700-year-old coin found during Bannockburn dig

Cambuskenneth Abbey is one of the few places specifically mentioned in near contemporary accounts of the Battle. Picture: Wiki Commons
Cambuskenneth Abbey is one of the few places specifically mentioned in near contemporary accounts of the Battle. Picture: Wiki Commons
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A 700-YEAR-OLD English coin has been found near the abbey where the victorious Robert the Bruce took booty from the Battle of Bannockburn.

The silver penny was discovered yards from Cambuskenneth Abbey, near Stirling, by archaeologists looking for artefacts from the time of the 1314 battle.

The small coin, minted in London during the late 13th or early 14th century, may have been a month’s wages for a soldier in Edward II’s defeated army.

Experts from GUARD Archaeology, who led a metal detector survey of the area, believe it may have been among the spoils of battle taken back to the abbey by the Bruce from the battlefield.

Warren Bailie, GUARD’s battlefield archaeologist, who led the search, said today: “This coin would have been in circulation in 1314 and could relate to the Battle of Bannockburn.

“Cambuskenneth Abbey was where the Scots’ baggage train was held before the battle and where they returned to immediately afterwards.

“It was where the booty was taken from the battlefield, so it could potentially have been dropped booty.

“It was worth quite a lot of money at that time -- perhaps a soldier’s wage for that month.”

Cambuskenneth Abbey is one of the few places specifically mentioned in near contemporary accounts of the Battle of Bannockburn.

Robert the Bruce kept his army’s baggage there prior to the battle, and it was the location for a series of parliaments during his rule.

The first, in November 1314, just a few months after the historic victory, saw Robert disinherit all the nobles holding lands in Scotland who were not present; including the sons of those who had died fighting for Edward II at Bannockburn.

The worn coin was found in topsoil just 3cm down.

It will now undergo analysis to help determine its exact origin.

It is likely to be declared as Treasure Trove, and given a home in a museum.

Mr Bailie said that whichever king appears on the coin, it was likely to have been around at the time of the battle.

“Edward I coins would still have been in circulation in 1314, while Edward II was the king who led his army in to battle at Bannockburn, so it is the right period.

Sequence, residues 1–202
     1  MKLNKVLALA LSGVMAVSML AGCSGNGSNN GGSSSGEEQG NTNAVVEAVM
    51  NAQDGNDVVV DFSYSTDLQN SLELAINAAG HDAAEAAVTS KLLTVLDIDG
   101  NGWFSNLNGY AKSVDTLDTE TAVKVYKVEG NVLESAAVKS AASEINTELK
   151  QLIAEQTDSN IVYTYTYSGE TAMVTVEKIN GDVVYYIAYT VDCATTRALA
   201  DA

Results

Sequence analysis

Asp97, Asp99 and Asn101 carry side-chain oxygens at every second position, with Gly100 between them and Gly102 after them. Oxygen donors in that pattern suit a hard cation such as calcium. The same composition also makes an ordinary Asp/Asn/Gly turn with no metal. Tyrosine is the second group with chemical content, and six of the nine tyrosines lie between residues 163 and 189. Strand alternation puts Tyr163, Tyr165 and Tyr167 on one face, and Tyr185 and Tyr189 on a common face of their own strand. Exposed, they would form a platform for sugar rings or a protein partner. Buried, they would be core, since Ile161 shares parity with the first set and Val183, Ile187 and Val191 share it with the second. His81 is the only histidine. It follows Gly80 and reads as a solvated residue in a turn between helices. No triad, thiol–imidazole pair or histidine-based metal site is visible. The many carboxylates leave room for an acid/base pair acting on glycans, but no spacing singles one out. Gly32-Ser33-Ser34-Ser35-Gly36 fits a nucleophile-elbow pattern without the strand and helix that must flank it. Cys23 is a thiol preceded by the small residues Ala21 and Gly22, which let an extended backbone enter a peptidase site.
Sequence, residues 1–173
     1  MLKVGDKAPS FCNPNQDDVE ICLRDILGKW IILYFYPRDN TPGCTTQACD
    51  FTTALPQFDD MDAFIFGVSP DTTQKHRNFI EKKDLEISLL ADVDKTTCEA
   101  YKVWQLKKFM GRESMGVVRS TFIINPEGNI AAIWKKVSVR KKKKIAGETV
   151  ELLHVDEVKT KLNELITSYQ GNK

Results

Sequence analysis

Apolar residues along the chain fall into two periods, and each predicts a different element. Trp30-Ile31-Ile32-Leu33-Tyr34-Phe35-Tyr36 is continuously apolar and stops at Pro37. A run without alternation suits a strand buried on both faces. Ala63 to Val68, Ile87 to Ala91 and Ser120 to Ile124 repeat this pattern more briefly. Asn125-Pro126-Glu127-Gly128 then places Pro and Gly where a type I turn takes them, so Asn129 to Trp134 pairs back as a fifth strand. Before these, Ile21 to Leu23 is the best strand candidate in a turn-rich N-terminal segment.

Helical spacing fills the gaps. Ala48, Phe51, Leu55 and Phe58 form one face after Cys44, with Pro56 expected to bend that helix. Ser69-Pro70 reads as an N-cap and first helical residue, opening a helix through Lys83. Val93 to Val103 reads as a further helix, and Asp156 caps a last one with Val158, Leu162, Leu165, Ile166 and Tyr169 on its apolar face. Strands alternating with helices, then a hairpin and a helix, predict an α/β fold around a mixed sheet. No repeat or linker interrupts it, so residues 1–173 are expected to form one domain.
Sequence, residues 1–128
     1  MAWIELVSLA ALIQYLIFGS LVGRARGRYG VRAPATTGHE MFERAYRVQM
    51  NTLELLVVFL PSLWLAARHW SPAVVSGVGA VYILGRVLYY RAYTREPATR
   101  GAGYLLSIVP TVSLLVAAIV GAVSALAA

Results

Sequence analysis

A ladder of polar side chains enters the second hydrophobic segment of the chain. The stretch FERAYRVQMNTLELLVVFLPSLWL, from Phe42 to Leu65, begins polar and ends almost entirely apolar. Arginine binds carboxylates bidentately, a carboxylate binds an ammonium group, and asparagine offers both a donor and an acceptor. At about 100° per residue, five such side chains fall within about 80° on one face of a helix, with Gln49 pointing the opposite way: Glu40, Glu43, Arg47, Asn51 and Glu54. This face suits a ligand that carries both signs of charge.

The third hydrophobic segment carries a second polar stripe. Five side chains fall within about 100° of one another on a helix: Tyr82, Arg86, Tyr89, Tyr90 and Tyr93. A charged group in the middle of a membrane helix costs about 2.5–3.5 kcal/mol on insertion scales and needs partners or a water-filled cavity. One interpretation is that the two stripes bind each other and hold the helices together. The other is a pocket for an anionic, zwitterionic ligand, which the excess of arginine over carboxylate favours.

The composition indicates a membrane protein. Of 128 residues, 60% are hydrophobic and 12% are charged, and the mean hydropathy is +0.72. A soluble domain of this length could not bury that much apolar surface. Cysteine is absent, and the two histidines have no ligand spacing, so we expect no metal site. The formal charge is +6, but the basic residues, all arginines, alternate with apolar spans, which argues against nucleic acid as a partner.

“It needs to be conserved and thoroughly cleaned. It will then be looked at microscopically as coins from the reigns of Edward I and Edward II look very similar -- the hairstyles are quite similar.”

The metal-detecting survey was one of a number of projects carried out in the area in the hope of discovering items relating to the Battle of Bannockburn ahead of its 700th anniversary this year.

It covered 17 hectares across fields to the south and west of Cambuskenneth Abbey.

A total of 1044 finds were recorded including some 36 coins. In addition to the silver Edward coin, another was provisionally identified as a silver Henry III coin (1251-1272) that might also have been in circulation at the time of Bannockburn.

Other significant finds included unrelated belt buckles, buttons, medieval pottery and musket balls dating to the 17th century.

Mr Bailie, who could return to the site for further surveys later this year, said: “The Edward coin was the star find, because it was exactly what we were looking for.

“It gives us hope that there are other finds yet to be discovered.”

Cambuskenneth Abbey was founded by David I around 1140, and was originally known as the Abbey of St Mary of Stirling.

From at least 1201 onwards it was referred to as the Abbey of St Mary of Cambuskenneth. The place name means the ‘creek’ or ‘field of Kenneth’, and is traditionally associated with a battle between the Scots under Kenneth and the Picts -- underpinning its position at the heart of Scottish identity.

GUARD Archaeology collaborated with the Centre for Battlefield Archaeology Glasgow University (CBAGU) and local volunteers in investigating the abbey.

The project brought together archaeologists, historians, metal detectorists, geophysicists and even a local poet, Elizabeth Rimmer, with members of the local community to reveal evidence from the Scottish Wars of Independence and later periods of conflict in and around the abbey and its environs.